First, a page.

I just didn't care at all for these characters either, so that has a lot to do with it.
This is perplexing merely for the film being so much about Adams' Louise that to term it "these characters" misses the point in itself. I feel that by this point Adams primacy as an actor has gone beyond doubt. You could contend with my feeling that she is the best actor working anywhere, confirmed by this film and what she is asked to do; little else I feel.

Renner and Whitaker aren't engaging ? fine. They are in the film but it isn't their film. It's Adams'. I know she interpreted a lot of what Villeneuve was describing to her into facial reaction. That's why it's especially wonderful that she was acting to two tennis balls whilst the director explains what he wanted to convey but Adams is doing the hard work here.
« Last Edit: December 02, 2016, 07:37:32 AM by verbALs »
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Bondo

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Re: Arrival
« Reply #47 on: December 02, 2016, 08:10:14 AM »
I have to admit a certain confusion at the notion that Louise may be morally negligent for having the daughter since she knew the daughter would suffer at the end of her life. It seems the same calculation for Louise applies to the daughter. Maybe it matters her motivation, like if she doesn't have a daughter to avoid her own pain it is selfish but if she does it to avoid her daughter's pain, it is noble. But then if you say she is wrong to not avoid her daughter's pain just for her own joy, similarly it would be wrong to deny her daughter's joy in order to avoid her own pain. This creation of a strong moral bias against any experience of pain/suffering would seem to lead to an advocation of suicide...that it might get better is irrelevant because the good doesn't justify the bad.

verbALs

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Re: Arrival
« Reply #48 on: December 02, 2016, 08:36:08 AM »
I think it is expressed as a personal decision because the father's reaction is to leave Louise and start to look at the daughter differently once he finds out the truth. The truth being that Louise knew all along.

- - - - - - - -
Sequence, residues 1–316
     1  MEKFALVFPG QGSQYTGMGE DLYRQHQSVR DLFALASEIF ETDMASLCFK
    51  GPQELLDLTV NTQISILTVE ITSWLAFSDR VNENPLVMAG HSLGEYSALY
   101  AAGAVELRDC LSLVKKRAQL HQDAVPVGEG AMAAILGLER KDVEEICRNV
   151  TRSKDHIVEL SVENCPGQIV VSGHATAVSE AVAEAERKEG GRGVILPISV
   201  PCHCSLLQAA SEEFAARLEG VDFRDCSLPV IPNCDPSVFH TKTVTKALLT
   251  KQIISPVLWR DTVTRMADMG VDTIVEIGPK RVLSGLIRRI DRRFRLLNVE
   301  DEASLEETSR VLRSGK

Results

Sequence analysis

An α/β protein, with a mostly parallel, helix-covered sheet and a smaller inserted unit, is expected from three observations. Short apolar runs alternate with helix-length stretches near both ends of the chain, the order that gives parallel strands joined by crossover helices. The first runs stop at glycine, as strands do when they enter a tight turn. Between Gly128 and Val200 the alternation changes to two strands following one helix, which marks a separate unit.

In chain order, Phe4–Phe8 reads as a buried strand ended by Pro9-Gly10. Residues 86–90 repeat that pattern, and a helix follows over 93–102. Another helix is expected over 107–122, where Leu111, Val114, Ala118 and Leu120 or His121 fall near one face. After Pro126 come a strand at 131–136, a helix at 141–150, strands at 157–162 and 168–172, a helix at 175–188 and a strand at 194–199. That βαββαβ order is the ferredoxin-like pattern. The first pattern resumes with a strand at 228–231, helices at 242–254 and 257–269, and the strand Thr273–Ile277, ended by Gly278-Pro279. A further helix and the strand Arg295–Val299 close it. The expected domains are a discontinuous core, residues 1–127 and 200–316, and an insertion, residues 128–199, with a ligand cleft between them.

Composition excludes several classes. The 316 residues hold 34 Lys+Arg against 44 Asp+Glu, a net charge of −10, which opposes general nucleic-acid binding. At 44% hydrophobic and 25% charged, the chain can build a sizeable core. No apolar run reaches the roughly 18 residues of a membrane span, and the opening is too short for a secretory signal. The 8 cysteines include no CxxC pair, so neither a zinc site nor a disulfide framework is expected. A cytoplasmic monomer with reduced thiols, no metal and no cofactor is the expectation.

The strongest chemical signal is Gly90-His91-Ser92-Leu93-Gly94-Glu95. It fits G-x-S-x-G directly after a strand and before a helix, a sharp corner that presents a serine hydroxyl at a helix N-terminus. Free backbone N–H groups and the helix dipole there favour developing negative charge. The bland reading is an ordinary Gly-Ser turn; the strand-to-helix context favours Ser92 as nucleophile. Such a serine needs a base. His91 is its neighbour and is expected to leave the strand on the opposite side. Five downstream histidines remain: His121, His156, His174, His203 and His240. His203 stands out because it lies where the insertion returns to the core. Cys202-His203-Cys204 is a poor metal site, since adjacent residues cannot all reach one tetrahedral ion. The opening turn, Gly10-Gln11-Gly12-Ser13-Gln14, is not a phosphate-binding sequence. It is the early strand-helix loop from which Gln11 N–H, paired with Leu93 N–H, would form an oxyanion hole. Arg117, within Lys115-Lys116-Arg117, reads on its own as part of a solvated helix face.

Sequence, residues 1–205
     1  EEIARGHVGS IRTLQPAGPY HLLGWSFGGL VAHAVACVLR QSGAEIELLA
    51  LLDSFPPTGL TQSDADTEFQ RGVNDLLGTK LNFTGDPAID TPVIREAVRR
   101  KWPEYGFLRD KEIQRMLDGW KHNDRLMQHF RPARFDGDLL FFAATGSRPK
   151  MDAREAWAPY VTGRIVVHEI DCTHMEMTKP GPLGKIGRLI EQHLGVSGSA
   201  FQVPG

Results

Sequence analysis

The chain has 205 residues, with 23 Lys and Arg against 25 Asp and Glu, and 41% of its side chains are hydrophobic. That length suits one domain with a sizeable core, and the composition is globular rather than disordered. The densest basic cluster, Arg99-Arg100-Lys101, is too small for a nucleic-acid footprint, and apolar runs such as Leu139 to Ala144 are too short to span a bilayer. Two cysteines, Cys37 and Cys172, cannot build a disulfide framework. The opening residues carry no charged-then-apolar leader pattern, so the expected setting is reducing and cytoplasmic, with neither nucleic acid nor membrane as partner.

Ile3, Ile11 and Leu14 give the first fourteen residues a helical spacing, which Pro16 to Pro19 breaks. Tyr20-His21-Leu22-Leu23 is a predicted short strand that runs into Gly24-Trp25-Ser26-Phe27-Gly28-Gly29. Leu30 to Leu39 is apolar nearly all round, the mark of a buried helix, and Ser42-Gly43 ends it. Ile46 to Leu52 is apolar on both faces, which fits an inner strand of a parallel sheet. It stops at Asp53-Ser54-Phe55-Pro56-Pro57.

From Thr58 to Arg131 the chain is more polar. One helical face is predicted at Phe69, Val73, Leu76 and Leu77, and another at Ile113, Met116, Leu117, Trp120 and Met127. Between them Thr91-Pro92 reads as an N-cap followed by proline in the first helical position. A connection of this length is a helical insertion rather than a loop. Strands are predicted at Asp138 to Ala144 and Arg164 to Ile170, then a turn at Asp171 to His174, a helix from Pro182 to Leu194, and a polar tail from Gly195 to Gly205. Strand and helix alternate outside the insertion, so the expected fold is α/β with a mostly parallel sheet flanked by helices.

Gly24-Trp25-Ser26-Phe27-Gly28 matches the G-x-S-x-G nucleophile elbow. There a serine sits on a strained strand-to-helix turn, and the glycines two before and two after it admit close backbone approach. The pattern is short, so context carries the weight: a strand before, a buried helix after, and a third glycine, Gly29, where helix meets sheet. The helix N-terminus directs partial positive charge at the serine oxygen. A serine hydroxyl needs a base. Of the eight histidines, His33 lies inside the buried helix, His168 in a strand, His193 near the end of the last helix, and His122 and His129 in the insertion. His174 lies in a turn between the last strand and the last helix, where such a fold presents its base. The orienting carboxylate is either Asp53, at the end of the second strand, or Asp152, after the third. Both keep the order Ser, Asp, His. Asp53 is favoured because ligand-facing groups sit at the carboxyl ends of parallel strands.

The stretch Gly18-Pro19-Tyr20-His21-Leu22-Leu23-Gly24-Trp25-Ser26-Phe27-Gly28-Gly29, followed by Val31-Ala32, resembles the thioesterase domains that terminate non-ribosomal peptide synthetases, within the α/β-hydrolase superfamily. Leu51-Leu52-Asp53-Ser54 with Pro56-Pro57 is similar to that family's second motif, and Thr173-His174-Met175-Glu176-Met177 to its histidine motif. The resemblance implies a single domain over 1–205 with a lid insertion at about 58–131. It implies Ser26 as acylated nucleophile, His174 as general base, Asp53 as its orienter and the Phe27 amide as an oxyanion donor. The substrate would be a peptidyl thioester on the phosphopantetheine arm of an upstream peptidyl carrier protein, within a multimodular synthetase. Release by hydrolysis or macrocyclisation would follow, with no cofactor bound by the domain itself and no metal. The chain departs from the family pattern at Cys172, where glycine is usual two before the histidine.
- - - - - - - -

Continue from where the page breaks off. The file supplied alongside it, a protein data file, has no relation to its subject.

The point you made about suicide is a personal choice rather a moral absolute. Again the assumption that we all die is never expressed in any decision we make is it? Once Louise; like the guy in Slaughterhouse 5, knows the exact moment of death; and it changes her morality. In a sense it doesn't matter to the "time literate" -call it that- whether she or anyone dies at 16 or 80. The question of pain is interssting but it's also modified by prescience. Pain comes to us all. Human condition timey wimey.  ;D
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DarkeningHumour

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Re: Arrival
« Reply #49 on: December 02, 2016, 09:06:02 AM »
I have to admit a certain confusion at the notion that Louise may be morally negligent for having the daughter since she knew the daughter would suffer at the end of her life. It seems the same calculation for Louise applies to the daughter. Maybe it matters her motivation, like if she doesn't have a daughter to avoid her own pain it is selfish but if she does it to avoid her daughter's pain, it is noble. But then if you say she is wrong to not avoid her daughter's pain just for her own joy, similarly it would be wrong to deny her daughter's joy in order to avoid her own pain. This creation of a strong moral bias against any experience of pain/suffering would seem to lead to an advocation of suicide...that it might get better is irrelevant because the good doesn't justify the bad.

You cannot consider both in the same way. Adams already exists. Her daughter does not. Avoiding pain or seeking happiness take different meanings in each case.